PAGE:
It was the one thing that made that horrid smell it pumps out of its stores bearable: the sight of attractive young athletes smiling on the door but sadly that is no more. News arrived this week that US clothing brand Abercrombie & Fitch will soon end its tradition of half-naked jocks and jockettes greeting shoppers. Abercrombie & Fitch also plans to ban sexualised marketing materials and review its recruitment criteria. Black clothes can now be stocked and they can now be stacked on shelves by plebian, mid-way attractive youngsters, too. What a bore.
Abercrombie & Fitch was one of the world’s greatest brands. Not one that I’d like to wear, nor would I ever venture into its stores. But as a holistic exercise in branding, in turning a noun into an adjective, in appealing to a captive audience both emotionally and rationally, in getting cash-strapped teenagers to save up pocket money for an expensive yet utterly ordinary T-shirt? There isn’t a finer example.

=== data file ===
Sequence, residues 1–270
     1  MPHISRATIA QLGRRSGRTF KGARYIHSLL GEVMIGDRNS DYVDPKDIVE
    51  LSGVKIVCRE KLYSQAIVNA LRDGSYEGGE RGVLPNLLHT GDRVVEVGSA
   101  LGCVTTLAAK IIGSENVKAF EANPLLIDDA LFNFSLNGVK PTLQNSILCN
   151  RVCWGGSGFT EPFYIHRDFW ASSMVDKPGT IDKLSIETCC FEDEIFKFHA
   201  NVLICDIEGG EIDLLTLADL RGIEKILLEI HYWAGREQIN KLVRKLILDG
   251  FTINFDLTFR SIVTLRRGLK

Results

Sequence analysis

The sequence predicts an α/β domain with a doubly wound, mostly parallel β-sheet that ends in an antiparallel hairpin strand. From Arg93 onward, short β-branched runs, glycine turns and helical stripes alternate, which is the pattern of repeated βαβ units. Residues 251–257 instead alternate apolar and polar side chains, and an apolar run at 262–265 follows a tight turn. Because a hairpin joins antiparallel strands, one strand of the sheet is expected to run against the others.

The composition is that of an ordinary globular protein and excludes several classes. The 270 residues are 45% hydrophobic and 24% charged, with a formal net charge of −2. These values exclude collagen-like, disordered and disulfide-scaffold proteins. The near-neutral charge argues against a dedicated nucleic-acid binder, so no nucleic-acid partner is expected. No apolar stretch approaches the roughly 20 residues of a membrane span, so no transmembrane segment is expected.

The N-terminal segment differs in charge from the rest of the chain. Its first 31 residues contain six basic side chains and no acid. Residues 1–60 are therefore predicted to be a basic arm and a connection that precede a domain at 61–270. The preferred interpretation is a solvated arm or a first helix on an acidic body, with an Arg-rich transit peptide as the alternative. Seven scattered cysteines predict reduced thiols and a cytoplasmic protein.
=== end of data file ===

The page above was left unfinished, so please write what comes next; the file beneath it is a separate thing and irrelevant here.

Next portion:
The lifestyle sold by Abercrombie & Fitch – whether you aspire to it or not – was masterminded by one man, Mike Jeffries, who stepped down as CEO late last year. The ab-ban on its doors shows what happens when a visionary, obsessive-compulsive CEO is replaced by the multifarious opinions of consultants and board members. When a “new direction” is decided upon, which actually means an anodyne, pathless wandering into brand anonymity. It happened to French Connection, it’s happening now to American Apparel.
Killing the golden goose – vitamin-fed youth, in Abercrombie & Fitch’s case – will not reverse the financial decline the company has suffered. Staying true to yourself, perhaps battening down the hatches and tightening up the retail network for a few years; that is the only way for Abercrombie & Fitch to survive. Your audience has grown up. Let them. Be silent for a while and wait to pounce on fresh new eyes and abs in 10 years. It’s like Brutalism, or grandparent names like Maud and Arthur. Mark my words, hipsters will be wearing A&F T-shirts in the 2020s, just like they’re wearing Boy London sweatshirts now. Abercrombie & Fitch is a ridiculous brand, but perhaps high-street fashion needs a bit of ridiculousness (not, I must point out, horrid recruitment criteria). It certainly needs some character, which Abercrombie & Fitch has dished out for decades. What it doesn’t need though is that ghastly stench.
Tom Morris is Monocle’s design editor.